Gutters play an often overlooked, yet essential role on any property when it comes to capturing water runoff from the roof and properly dispersing it away from a foundation. When gutters are installed correctly and work as they should, they can help reduce the risk of water intrusion, water damage and foundation degradation. And while gutters may seem like a simple exterior home component, there’s a lot involved in installing a system properly.
In this post, we’ll discuss some of the common parts and accessories involved in a gutter installation as well as some of the tools necessary to get the job done correctly. Here’s a look at what you need to know:
Common Parts and Accessories in A Gutter Installation
Let’s start by discussing some of the parts included in the gutter installation. As you might imagine, there’s more involved than just the gutters and the downspouts (not to say that those components aren’t important). In this section, we’ll cover the parts and accessories that you need or may need in a new installation:
Gutters are parts that run horizontally along the roofline and work to capture snow melt and rain water runoff. Gutters should be installed so that they gradually slope toward the downspouts (more on those next). In fact, it’s best practice to install gutters angled at a quarter-inch of slope for every 10 feet. Gutters come in 4, 5 and 6-inch sizes, and in special cases, 7-inch sizes are available.
Gutters should be installed to slope toward downspouts. Downspouts are installed vertically and, as their name implies, take water from the gutters and discharge it away from the property. Poorly installed downspouts are more likely to lead to water pooling around the foundation, which can lead to foundation erosion and potential water intrusion and damage. Downspouts should discharge water 4 to 6 feet away from the foundation. For best results, the land grading should slope away from the home. In some cases, downspout extenders may need to be installed at the ends of downspouts to ensure that water is draining far enough away from the property.
Elbow joints are a part of the downspout. They’re angled pieces that allow the gutter system to better travel around the bends of a home. It’s important to make sure that there’s a good seal where end joints connect with the downspouts, as they’re one of the more problematic parts of the gutter system that tend to clog with debris often.
End caps are pieces that attach to the open ends of gutters, typically where the gutters extend past the downspouts. Without end caps, water that’s collected in the gutters could flow out and collect around your home, thereby somewhat defeating the purpose of the gutter system.
Fascia boards run under the roofline and are the material that gutters are typically installed on. In many cases, new gutter installations are able to be performed over existing fascia boards. However, in some cases, there may be damage to these boards, thereby requiring replacement prior to gutter installation. Replacement may also be necessary for aesthetic purposes if gutter installation is part of a larger overall exterior home project.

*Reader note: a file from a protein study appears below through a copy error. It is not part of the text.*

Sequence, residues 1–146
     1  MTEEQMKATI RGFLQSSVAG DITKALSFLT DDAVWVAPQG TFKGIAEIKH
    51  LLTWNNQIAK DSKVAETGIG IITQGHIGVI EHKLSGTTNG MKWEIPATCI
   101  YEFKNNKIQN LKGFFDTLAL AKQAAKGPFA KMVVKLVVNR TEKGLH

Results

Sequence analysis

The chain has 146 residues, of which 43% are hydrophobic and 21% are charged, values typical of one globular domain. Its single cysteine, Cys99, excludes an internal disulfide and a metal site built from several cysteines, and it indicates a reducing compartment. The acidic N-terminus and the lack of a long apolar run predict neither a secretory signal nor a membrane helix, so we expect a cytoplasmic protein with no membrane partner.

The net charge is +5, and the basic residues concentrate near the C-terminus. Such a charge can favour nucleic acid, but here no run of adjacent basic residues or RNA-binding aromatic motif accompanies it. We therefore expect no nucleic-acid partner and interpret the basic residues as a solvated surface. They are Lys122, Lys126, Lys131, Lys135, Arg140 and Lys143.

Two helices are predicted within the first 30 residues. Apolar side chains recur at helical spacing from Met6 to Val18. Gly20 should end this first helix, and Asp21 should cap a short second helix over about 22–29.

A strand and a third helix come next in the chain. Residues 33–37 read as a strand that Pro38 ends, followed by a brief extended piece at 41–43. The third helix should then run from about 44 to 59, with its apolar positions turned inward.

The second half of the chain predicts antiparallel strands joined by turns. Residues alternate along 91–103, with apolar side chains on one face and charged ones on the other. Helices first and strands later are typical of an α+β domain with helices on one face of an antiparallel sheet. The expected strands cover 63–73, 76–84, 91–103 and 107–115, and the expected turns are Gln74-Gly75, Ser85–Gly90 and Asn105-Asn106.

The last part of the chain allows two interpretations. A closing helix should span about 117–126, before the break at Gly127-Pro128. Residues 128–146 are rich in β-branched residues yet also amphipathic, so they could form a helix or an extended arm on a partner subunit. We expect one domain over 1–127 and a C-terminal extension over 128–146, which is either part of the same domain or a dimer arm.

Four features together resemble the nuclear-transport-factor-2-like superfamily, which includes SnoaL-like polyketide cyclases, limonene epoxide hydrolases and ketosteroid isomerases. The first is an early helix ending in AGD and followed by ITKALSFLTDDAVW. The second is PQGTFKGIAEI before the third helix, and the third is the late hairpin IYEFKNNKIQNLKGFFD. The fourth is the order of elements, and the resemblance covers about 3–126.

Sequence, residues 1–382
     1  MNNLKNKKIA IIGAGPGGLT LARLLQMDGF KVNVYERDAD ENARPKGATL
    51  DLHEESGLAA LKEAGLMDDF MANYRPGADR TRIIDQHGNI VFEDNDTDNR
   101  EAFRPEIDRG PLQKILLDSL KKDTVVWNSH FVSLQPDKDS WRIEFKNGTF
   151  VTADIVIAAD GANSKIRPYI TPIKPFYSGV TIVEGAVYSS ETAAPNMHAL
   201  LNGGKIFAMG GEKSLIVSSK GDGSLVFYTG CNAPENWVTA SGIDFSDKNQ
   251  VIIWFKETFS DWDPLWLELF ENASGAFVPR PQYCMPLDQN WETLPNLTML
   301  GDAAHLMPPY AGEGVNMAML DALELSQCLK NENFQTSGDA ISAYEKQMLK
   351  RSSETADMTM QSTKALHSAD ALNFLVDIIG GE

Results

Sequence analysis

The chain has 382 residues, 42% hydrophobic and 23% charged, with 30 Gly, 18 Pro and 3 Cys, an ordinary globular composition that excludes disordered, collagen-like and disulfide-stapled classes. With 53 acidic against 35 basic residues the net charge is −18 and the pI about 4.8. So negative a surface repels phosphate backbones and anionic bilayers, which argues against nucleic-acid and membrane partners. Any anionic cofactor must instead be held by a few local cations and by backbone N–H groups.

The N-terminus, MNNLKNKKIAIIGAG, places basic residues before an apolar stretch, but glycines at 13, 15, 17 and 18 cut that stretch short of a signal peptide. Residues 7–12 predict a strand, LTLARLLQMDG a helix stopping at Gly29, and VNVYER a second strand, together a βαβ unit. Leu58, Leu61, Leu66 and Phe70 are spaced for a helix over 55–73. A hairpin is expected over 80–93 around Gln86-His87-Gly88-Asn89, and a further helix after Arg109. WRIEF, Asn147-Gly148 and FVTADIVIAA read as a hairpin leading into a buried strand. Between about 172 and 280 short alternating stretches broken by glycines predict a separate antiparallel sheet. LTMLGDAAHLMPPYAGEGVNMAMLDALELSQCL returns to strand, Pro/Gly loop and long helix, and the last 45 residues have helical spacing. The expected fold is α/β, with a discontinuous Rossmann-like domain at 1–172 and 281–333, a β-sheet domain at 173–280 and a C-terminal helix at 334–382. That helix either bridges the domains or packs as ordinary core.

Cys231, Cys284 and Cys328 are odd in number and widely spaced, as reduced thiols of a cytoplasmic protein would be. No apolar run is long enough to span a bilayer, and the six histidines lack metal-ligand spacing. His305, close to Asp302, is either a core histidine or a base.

Gutter hangers essentially ensure that the gutter stays attached to your roof and/or the fascia board. They help the gutter system stay secure and stable, which is necessary during storms when heavy rain can enter and weigh down the system. Gutter hangers should be installed about every 36 inches to properly secure the system.
Finally, an add-on option that you may elect to have installed when getting new gutters are gutter guards. These pieces fit over the gutters, and block twigs, leaves and other debris from entering the gutter system, while allowing water to pass through and drain appropriately. Gutter guards are especially helpful in areas with dense foliage or for property owners who either don’t like cleaning their gutters or don’t like paying someone to do it for them. They can help eliminate clogs in the system and ensure that your gutters are always getting the job done.
Tools and Accessories Needed to Perform a Gutter Installation
Aside from the major components, there are a lot of tools and accessories needed for a gutter installation as well. In this section, we’ll take a look at some of the gear that you want to be sure to have in your toolbox.
- Tin snips: After you measure the gutters, a pair of tin snips is usually sufficient to make the cuts you need to make so the gutters fit properly on the home.
- A ladder: Even on a one-story home, if you’re planning to safely install gutters along the roofline, you’re going to need a ladder to properly access the space and install the gutter components.
- A rivet gun and rivets: These help connect the various gutter components (gutters, end caps, elbows, downspouts) together to form the home’s gutter system.
- Caulk: It’s always good practice to caulk gutter seams to guard against unwanted leaks in the system.
- Other tools and parts: A cordless drill, a hex head driver, measuring tape and gutter fascia are also good to have on hand.
Contact K-Guard Today
For more information on what’s involved in a typical gutter installation and to learn more about the importance of gutters and gutter guards, contact K-Guard today or contact your local K-Guard distributor.